• Self-defense is in many ways a matter of perspective. When faced with coming this close to getting murdered, some people never fully recover after they make it through. Others do so without any lasting consequences. These are two extremes, on opposite ends of the scale of possibilities. There is a lot of middle ground. Where we all fall on that spectrum depends on many factors. The point is that there is more than one truth when it comes to trauma when facing violence, recovery, and PTSD.
  • Violence is a broad topic. There are many aspects of it that apply across the globe and are found in all cultures. But there are also lots of differences and these matter just as much. Those of you who’ve been following me for a while have heard that before
    It then follows that nobody is an expert on violence as a whole. Experiences and training are individual. They don’t necessarily apply across the board. I can’t count the number of times I thought things were a certain way and then, later on, found out I was wrong. Case in point. I assume this will continue to happen. Hopefully, the mistakes will become fewer and with more time in between. Achieving that would be an achievement in its own right, as I’d like to continue learning until I die.

 

Conclusion

Everybody lives a unique life. One that comes with a unique perspective on self-defense, depending on the accumulated sum of those personal experiences. Each of us has an individual truth about self-defense as a result. When your truth conflicts with mine, that doesn’t automatically invalidate either (or both) of them.  The trick is figuring out what you can learn, which aspects you can translate to your own context and what is not applicable at all.

If any of you ever fully figure out that trick, let me know…

 

P.S.: First, many of you have asked so here’s an update. I’m currently writing the last chapter of my Boxing For Self-Defense book. I hope to finish it this week and then the editing and formatting can begin. When I have a release date, I’ll anounce it here and on my social media.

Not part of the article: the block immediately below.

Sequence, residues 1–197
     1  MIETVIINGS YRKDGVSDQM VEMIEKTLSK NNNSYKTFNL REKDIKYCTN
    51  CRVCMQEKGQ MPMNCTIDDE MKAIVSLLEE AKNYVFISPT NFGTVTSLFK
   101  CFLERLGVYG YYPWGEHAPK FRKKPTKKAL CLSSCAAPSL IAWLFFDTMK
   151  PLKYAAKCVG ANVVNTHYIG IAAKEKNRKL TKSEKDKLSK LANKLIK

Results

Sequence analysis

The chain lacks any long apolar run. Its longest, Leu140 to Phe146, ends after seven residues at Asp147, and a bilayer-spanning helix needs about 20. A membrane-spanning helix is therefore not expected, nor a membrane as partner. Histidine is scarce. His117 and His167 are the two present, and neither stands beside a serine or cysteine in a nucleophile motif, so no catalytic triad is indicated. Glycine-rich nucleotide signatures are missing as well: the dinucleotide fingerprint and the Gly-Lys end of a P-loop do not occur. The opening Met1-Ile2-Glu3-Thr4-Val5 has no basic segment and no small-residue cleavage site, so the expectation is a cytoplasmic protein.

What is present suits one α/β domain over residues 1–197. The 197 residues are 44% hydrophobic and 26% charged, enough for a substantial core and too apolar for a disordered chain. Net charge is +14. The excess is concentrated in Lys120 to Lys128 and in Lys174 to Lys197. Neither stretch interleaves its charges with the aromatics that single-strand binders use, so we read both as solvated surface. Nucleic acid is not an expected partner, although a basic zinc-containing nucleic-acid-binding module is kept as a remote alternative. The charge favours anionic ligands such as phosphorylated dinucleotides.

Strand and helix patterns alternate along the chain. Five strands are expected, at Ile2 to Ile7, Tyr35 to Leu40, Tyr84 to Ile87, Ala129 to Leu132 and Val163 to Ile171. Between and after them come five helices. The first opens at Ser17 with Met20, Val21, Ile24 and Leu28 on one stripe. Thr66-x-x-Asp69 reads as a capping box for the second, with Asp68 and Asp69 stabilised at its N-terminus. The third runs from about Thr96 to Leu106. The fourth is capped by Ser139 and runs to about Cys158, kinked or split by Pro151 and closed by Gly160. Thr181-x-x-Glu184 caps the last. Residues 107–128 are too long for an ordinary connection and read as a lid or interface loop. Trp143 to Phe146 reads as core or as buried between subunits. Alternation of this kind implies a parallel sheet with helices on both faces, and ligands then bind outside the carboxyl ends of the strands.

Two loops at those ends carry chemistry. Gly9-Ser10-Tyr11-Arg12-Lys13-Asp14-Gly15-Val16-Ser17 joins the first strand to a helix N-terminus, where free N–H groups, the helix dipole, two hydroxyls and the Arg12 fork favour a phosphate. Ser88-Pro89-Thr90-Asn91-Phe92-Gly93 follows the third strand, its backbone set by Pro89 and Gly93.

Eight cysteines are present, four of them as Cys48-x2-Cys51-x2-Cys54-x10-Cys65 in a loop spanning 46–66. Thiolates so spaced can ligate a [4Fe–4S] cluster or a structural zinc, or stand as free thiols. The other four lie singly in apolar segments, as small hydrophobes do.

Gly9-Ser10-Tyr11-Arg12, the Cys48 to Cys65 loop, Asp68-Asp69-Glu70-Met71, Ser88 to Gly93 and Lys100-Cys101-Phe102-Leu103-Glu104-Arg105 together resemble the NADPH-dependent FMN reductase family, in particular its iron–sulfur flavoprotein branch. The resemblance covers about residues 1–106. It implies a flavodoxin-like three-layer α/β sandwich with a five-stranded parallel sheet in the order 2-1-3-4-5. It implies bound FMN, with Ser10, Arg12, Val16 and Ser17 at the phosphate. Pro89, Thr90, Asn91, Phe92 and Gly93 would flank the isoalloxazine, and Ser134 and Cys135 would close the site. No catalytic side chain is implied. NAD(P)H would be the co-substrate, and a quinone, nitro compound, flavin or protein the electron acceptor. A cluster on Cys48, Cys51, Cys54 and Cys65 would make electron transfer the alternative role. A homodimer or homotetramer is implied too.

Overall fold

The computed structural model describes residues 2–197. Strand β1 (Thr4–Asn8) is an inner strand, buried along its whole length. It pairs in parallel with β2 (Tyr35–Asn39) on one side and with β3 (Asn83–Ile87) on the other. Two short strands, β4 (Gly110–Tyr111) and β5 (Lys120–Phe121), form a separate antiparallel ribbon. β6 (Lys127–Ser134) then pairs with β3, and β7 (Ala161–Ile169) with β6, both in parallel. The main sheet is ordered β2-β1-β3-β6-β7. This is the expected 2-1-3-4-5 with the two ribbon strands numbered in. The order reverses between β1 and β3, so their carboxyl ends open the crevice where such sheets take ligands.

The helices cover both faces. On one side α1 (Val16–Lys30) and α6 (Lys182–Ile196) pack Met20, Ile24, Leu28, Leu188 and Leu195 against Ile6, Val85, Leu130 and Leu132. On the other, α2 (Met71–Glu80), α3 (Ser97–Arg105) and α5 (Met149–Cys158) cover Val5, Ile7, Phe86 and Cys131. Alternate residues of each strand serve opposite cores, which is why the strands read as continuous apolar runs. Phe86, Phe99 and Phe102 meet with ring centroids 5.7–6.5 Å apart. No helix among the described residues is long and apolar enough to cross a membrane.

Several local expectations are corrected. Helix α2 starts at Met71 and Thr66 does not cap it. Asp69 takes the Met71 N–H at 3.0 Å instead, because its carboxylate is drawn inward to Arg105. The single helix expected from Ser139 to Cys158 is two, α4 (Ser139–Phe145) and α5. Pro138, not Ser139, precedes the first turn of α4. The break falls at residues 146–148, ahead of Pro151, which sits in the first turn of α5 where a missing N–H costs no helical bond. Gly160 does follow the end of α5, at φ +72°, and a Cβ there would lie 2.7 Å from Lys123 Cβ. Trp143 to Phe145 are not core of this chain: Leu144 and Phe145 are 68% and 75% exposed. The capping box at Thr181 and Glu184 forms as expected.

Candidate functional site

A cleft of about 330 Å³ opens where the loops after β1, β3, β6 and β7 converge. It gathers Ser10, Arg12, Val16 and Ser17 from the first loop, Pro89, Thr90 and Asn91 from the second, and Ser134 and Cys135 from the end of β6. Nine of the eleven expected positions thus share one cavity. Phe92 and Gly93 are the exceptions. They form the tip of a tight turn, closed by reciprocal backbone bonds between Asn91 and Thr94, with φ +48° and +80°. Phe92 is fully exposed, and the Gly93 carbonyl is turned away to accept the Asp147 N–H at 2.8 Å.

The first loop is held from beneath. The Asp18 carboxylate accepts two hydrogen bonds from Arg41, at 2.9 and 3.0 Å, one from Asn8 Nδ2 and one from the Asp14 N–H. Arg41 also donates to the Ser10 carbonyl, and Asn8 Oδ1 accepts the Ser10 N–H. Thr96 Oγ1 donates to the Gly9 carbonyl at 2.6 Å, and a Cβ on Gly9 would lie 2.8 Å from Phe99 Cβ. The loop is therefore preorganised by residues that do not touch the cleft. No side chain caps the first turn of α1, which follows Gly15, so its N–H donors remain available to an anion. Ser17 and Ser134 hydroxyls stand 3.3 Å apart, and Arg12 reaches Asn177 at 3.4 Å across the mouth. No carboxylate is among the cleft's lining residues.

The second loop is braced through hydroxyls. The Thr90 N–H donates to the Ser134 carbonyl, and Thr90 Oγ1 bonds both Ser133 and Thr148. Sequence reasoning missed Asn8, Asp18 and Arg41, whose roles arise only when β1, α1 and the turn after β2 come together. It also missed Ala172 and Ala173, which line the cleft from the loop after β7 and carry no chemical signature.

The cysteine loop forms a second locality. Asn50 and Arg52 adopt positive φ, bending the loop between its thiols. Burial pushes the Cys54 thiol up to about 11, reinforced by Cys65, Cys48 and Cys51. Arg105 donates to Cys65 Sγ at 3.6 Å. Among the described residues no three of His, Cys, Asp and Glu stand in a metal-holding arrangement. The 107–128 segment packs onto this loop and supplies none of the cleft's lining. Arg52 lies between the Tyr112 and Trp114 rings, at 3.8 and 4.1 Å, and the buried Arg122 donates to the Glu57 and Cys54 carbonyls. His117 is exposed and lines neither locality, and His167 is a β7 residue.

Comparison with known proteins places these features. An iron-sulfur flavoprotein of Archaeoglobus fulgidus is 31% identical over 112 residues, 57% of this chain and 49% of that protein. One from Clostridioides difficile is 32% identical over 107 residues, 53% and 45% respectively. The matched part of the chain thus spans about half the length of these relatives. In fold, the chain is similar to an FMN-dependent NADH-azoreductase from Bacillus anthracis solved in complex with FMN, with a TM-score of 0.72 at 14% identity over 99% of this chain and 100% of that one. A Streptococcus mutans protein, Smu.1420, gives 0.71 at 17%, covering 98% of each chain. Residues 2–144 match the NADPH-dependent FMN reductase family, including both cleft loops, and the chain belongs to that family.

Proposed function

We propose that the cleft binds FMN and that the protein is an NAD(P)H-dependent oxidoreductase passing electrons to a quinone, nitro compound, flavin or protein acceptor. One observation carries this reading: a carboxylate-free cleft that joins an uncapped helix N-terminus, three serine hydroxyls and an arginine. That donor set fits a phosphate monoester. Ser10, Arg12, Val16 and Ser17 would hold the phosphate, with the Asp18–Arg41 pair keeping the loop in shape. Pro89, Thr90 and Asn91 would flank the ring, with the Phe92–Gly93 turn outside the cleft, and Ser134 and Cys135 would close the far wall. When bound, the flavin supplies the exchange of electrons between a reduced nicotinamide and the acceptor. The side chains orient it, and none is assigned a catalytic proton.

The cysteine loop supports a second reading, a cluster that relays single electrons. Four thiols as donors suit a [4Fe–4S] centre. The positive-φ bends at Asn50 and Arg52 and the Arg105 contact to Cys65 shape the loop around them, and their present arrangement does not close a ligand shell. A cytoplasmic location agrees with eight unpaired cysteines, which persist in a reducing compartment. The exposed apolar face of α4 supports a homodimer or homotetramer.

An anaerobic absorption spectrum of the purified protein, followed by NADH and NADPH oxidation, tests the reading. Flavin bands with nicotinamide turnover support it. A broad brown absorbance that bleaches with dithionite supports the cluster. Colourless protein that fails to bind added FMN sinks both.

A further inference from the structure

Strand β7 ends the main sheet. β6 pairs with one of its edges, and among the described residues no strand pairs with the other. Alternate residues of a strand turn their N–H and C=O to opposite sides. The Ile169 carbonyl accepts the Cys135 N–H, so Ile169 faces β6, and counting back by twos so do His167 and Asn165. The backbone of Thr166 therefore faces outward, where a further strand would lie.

The second most asked question on this: it will be a three volume series of books. There is too much information to cover and cramming it in one book would force me to price it too high for most people. I want my stuff to be afordable and reasonably priced. I don’t know when the other two volumes will be released, given as I still have to write them…

Book review: Musings on Violence: Martial Arts, Self-Defense, Law Enforcement, Warriorhood by Loren W. Christensen

A few weeks ago, I finished reading Loren Christensen’s latest book: Musings on Violence : Martial Arts, Self-Defense, Law Enforcement, Warriorhood. In it, Loren looks back on the last 50 years of his life and he shares  the lessons he learned. The best way to view this book is as a peek inside Loren life, memories and mind. He takes you on a wild ride of all the things he encountered when it comes to violence. Not just as a law enforcement officer but also as a martial artist.

He shares numerous anecdotes and stories of the adventures he lived through. Some of them are hilarious, others are heartbreaking, with a lot of middle ground between these two extremes. Regardless, they all let you look at different aspects of violence, preparing for it and dealing with the aftermath.